263725 Predictors of Help-Seeking Behavior Among Women Exposed to Violence in Nigeria: A multilevel analysis to evaluate the impact of individual and contextual factors

Tuesday, October 30, 2012 : 3:10 PM - 3:30 PM

Natalia Linos, MS , Department of Society, Human Development, and Health, Harvard School of Public Health, Boston, MA
Natalie Slopen, MA , Department of Society, Human Development, and Health, Harvard School of Public Health, Boston, MA
Ichiro Kawachi, MD, PhD , Department of Social and Behavioral Sciences, Harvard School of Public Health, Boston, MA
Objectives: We examined contextual and individual-level predictors of help-seeking behavior among women exposed to physical and sexual violence in Nigeria. Methods: Using data from the 2008 Demographic and Health Survey, we fit three 3-level random intercepts models to examine contextual factors associated with help-seeking while accounting for individual-level predictors. Results: Of the 5,553 Nigerian women in our sample exposed to physical and sexual violence, 39.7% reported that they sought help to stop the perpetrator from hurting them again. Rates of help-seeking were geographically patterned by state and ranged from 12% to 65%. State-level development, measured by the Human Development Index (HDI), was positively associated with a woman's help-seeking (z-score OR=1.30, 95% CI=1.05,1.61), after adjusting for individual-level characteristics. State-level prevalence of violence was negatively associated with help-seeking (OR=0.98, 95% CI=0.97,0.99). A small number of individual-level variables were significantly associated with victimization, including a woman's marital status, employment status, history witnessing domestic violence, and relationship to perpetrator. Conclusions: Our paper is the first to document area-level determinants of help-seeking behavior among women exposed to violence. Our multi-level analysis goes beyond a victim blaming ideology premised around why some women ‘take control' and seek help and others do not, and simultaneously accounts for some structural factors that may facilitate this decision. We believe the insight provided is relevant for different countries, in both the developed and developing world, and can help guide policies to ensure that the needs of survivors of violence are fully met.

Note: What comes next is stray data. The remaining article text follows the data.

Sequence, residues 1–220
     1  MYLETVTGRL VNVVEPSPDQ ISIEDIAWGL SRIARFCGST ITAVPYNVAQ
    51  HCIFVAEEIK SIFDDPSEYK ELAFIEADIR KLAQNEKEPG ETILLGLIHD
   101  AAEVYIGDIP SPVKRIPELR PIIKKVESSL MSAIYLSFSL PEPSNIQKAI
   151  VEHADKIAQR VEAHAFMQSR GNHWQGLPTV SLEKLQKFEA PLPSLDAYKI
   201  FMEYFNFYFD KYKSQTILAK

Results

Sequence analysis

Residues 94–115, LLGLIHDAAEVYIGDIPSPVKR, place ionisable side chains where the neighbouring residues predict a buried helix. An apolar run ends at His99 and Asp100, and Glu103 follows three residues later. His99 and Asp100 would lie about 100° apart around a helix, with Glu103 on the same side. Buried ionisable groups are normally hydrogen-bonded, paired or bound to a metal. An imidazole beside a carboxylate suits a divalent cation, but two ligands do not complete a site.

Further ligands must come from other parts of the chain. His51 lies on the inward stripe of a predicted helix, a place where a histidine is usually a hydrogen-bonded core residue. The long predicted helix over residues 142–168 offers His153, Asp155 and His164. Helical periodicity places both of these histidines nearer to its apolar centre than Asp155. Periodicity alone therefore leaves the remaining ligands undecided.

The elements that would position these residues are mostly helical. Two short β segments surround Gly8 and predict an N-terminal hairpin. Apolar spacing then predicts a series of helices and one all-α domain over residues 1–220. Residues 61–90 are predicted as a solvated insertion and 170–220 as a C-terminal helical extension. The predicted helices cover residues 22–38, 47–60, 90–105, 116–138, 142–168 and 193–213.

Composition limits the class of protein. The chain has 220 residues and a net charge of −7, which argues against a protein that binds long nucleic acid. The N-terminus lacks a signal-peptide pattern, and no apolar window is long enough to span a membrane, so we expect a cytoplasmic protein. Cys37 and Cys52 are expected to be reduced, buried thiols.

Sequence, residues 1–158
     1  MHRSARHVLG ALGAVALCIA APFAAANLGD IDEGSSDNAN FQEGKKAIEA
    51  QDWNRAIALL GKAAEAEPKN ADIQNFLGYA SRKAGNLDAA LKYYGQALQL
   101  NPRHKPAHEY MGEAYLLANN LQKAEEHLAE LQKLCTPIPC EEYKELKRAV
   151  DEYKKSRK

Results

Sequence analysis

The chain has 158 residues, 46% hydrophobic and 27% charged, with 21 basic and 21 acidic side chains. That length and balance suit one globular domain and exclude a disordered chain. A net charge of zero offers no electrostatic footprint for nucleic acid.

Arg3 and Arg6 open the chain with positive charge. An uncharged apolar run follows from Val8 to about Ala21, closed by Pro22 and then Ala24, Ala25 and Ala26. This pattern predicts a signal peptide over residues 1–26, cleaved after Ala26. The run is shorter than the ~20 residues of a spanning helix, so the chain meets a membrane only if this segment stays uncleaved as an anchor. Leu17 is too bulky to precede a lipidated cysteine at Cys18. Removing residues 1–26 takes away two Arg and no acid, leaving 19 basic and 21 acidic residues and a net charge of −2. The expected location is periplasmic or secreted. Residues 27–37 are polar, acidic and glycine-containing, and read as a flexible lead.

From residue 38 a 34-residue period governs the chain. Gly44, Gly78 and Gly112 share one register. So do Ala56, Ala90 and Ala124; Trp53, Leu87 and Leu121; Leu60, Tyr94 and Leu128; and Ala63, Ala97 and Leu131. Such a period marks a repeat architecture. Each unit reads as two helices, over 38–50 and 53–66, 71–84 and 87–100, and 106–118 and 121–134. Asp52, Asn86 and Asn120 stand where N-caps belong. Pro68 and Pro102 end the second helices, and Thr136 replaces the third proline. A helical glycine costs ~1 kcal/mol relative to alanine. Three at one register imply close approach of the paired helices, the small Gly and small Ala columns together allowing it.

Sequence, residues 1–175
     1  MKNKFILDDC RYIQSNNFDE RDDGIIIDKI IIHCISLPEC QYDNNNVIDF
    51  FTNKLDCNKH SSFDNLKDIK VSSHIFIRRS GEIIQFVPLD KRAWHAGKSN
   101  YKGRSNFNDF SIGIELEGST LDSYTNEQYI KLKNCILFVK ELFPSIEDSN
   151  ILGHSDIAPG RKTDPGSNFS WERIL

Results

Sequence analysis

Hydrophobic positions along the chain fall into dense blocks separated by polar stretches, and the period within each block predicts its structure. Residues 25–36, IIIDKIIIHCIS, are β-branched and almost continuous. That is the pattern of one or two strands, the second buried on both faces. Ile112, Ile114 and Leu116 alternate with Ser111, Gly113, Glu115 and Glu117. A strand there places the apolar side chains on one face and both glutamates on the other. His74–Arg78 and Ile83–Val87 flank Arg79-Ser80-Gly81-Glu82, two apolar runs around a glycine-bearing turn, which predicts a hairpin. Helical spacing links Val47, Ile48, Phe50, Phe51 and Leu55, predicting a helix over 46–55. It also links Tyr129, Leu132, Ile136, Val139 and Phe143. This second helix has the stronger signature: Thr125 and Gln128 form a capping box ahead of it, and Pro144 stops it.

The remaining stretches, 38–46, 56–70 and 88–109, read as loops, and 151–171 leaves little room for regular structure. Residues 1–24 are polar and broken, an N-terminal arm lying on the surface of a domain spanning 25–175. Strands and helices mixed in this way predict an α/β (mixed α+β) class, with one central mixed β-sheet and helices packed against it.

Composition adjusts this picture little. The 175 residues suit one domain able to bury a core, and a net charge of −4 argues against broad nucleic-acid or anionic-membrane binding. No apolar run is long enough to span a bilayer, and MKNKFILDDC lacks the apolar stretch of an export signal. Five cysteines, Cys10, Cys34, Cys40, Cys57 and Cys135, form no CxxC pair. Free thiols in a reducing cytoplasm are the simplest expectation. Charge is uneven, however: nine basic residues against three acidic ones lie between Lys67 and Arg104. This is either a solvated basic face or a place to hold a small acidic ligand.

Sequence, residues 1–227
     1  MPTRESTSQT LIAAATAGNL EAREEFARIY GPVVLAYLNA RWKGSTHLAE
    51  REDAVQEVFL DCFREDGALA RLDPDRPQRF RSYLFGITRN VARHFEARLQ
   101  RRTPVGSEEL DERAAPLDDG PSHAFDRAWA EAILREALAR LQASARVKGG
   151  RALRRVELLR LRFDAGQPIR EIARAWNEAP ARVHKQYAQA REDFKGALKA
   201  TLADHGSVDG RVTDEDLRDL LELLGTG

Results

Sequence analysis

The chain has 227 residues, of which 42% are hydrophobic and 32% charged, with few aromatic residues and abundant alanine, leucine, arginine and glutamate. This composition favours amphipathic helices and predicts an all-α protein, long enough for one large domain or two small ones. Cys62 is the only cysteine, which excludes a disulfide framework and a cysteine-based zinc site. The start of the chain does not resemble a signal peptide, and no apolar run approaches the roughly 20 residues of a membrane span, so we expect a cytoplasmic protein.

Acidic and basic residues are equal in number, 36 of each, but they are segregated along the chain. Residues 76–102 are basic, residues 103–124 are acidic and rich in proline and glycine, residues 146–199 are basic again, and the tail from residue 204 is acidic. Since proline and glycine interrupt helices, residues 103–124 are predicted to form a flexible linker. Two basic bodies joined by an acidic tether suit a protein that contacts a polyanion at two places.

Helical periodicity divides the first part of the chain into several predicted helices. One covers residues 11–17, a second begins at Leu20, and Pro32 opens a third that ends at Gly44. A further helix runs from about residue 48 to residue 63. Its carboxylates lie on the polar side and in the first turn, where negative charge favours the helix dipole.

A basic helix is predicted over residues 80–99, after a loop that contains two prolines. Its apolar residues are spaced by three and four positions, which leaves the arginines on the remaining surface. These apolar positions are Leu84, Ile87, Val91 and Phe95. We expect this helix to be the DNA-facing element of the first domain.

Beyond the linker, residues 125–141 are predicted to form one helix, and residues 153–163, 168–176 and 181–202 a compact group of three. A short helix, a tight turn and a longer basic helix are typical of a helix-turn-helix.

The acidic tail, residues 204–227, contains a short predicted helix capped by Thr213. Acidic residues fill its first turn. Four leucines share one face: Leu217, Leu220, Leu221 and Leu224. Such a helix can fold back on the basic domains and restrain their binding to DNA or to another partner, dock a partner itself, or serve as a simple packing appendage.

Learning Areas:
Planning of health education strategies, interventions, and programs
Public health or related public policy

Learning Objectives:
1. Describe how help-seeking behaviors in Nigeria are patterned by geographical location. 2. Demonstrate how multilevel methods can contribute to a more comprehensive understanding of why female victims of violence may seek or not seek help to stop further perpetration. 3. Discuss policy implications for violence prevention and support.

Keywords: Women's Health, Violence

Presenting author's disclosure statement:

Qualified on the content I am responsible for because: I have been conducting my doctoral dissertation research on this topic.
Any relevant financial relationships? No

I agree to comply with the American Public Health Association Conflict of Interest and Commercial Support Guidelines, and to disclose to the participants any off-label or experimental uses of a commercial product or service discussed in my presentation.